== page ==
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Millennials: Valuable, or 'Lost'?
By: Dwayne W. Waite Jr.
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In our society there are two groups going back and forth about how important this Millennial generation truly is. As members of this generation, we would like to put ourselves in the "valuable" corner, but there are valid claims out there that show differently.

In AdLand, professionals continue to have "shiny object syndrome," where people drop everything for the latest and greatest thing, therefore calling the previous activities or tools dead or obsolete.

Radio. Television. Newspapers.

AdLand loves Millennials because they are the first generation to actually grow up with these tech tools. This generation is home to the first "digital natives." So every time mobile or social media usage goes up, and TV slightly decreases, our advertising colleagues are chomping at the bit to throw TV in its grave and give obeisance to digital media.

Long Live King Zuck!

But, is all the fanfare warranted? It's true that the Millennial generation is huge, but its size does not compare to its purchasing power. Plus, this generation started "adult life" incredibly late, later than almost any generation in the United States. This group is starting married life later (if at all), putting off having kids (if at all), and with college debt dragging behind many of them, many decided to either move back in with Mom and Dad or continue into graduate school to push the debt boulder down the road.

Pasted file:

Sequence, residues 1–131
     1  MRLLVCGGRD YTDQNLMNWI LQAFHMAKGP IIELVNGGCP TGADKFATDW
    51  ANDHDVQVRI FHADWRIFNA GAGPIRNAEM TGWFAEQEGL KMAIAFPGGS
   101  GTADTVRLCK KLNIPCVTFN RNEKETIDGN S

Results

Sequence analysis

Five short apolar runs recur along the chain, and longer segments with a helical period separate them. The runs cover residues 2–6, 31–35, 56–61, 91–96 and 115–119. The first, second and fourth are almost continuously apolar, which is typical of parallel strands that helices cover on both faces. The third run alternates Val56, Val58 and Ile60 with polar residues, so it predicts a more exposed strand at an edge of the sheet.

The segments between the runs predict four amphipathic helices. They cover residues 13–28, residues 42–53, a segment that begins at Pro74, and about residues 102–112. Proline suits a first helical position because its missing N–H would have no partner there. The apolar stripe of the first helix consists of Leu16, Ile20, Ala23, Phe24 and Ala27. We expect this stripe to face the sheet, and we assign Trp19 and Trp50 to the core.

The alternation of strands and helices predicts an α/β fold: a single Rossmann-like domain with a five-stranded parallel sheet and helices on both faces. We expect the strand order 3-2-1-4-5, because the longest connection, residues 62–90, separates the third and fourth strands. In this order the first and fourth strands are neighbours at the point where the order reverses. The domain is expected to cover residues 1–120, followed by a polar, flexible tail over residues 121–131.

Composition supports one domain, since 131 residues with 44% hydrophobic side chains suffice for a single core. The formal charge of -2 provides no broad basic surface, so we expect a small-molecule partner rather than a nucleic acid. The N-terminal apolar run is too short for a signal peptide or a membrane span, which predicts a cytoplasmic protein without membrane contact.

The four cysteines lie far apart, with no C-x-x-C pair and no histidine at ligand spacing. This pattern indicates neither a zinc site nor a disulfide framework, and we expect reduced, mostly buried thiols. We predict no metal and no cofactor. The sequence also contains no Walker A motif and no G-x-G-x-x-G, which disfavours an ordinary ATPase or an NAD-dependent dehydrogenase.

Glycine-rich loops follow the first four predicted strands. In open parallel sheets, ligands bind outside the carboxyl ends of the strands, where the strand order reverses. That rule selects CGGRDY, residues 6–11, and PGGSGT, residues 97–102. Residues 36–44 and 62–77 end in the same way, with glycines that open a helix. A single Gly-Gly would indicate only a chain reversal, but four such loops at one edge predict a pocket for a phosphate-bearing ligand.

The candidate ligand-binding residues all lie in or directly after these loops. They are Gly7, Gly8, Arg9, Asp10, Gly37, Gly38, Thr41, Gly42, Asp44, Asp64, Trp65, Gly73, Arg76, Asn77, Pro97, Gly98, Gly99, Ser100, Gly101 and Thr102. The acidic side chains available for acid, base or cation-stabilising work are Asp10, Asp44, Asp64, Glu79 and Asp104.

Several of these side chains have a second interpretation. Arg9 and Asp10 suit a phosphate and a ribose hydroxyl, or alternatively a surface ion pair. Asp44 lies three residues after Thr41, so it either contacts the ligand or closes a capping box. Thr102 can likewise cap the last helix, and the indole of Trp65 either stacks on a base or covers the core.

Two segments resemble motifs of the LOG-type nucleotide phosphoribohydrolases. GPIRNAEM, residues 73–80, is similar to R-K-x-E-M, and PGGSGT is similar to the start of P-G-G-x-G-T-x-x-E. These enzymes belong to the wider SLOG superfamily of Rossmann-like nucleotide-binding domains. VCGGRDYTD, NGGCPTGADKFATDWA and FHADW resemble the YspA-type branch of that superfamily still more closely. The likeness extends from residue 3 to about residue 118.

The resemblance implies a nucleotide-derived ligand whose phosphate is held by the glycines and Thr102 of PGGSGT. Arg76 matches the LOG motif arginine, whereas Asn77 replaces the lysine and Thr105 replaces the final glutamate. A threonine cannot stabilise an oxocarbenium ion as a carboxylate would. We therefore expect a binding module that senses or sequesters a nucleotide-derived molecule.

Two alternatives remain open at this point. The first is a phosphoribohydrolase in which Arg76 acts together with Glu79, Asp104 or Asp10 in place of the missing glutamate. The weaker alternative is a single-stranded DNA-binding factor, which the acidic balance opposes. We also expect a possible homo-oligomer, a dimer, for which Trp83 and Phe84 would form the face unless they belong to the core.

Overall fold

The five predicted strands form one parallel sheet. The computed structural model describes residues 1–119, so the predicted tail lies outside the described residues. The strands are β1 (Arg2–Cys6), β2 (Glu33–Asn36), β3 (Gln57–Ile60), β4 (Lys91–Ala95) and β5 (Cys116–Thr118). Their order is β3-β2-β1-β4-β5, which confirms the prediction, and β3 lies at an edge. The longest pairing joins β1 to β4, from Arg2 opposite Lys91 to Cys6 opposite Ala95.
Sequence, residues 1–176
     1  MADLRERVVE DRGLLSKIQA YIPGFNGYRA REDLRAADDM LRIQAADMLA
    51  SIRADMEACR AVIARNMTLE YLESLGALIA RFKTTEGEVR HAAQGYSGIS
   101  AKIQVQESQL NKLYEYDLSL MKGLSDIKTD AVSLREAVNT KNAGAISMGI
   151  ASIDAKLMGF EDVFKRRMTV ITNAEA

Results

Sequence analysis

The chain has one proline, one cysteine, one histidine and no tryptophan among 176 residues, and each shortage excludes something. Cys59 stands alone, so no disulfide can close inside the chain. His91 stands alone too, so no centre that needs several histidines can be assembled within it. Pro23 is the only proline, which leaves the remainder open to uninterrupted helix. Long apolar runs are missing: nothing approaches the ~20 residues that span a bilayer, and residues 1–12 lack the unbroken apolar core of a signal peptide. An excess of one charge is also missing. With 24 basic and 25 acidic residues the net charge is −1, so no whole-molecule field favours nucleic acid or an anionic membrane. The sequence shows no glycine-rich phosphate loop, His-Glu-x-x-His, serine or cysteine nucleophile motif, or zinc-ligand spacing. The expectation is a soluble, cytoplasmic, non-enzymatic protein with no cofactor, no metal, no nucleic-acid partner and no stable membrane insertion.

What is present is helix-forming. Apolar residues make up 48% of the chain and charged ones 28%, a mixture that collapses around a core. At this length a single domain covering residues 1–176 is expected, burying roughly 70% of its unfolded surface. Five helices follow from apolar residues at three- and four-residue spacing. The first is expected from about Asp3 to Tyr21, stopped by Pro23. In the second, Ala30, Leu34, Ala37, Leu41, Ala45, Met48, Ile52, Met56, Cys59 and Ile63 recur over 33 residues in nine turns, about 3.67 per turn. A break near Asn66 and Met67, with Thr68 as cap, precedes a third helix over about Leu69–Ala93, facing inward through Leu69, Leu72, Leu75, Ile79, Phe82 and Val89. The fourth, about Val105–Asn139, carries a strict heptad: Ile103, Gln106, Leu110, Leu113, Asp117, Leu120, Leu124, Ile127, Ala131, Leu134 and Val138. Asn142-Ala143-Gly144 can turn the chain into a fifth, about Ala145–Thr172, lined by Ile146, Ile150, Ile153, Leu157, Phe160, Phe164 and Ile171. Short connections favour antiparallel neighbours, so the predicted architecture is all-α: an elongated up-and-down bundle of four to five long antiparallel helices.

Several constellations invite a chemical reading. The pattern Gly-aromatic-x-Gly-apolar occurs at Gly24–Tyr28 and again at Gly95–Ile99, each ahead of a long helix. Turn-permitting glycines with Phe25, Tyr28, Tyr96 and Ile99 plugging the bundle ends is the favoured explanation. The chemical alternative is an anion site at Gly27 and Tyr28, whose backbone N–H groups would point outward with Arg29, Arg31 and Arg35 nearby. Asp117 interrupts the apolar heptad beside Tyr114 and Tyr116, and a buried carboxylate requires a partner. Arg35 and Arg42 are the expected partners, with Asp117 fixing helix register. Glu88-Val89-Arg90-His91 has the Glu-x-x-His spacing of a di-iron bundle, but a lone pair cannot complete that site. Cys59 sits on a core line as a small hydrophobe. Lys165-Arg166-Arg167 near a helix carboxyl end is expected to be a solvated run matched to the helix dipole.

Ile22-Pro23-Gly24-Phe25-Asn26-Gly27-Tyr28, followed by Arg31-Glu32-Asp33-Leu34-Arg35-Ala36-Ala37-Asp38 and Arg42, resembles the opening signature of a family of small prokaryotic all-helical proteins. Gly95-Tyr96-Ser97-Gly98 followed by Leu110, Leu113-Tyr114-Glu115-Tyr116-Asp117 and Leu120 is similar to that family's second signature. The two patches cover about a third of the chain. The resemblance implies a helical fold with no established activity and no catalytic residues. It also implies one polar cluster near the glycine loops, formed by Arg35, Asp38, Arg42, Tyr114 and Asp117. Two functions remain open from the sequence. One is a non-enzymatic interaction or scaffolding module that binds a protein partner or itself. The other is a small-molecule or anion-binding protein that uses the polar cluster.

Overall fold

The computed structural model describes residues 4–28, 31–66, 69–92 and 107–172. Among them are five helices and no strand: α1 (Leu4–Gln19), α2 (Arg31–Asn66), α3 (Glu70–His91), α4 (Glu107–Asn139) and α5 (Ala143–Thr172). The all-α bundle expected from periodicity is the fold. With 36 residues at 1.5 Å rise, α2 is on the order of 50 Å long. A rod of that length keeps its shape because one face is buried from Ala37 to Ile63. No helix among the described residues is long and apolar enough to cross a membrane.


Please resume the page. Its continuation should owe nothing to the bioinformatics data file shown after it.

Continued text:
No wonder the term "The Lost Generation" was given. 

Yes, Millennials provide exciting aspects to AdLand, but if we want to concentrate on certain demographics, we should look more into women and baby boomers. We should even consider the LGBT community, if our brands or clients are interested in targeting certain populations. It's those communities with the proven purchasing power and wealth increase.

Millennials have potential, but we cannot call our generation the end-all, be-all, just yet. 


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About the Author
Dwayne W. Waite Jr. is partner and principal at JDW: The Charlotte Agency, a marketing and advertising shop in Charlotte, NC. He enjoys consumer behavior, economics, and football.
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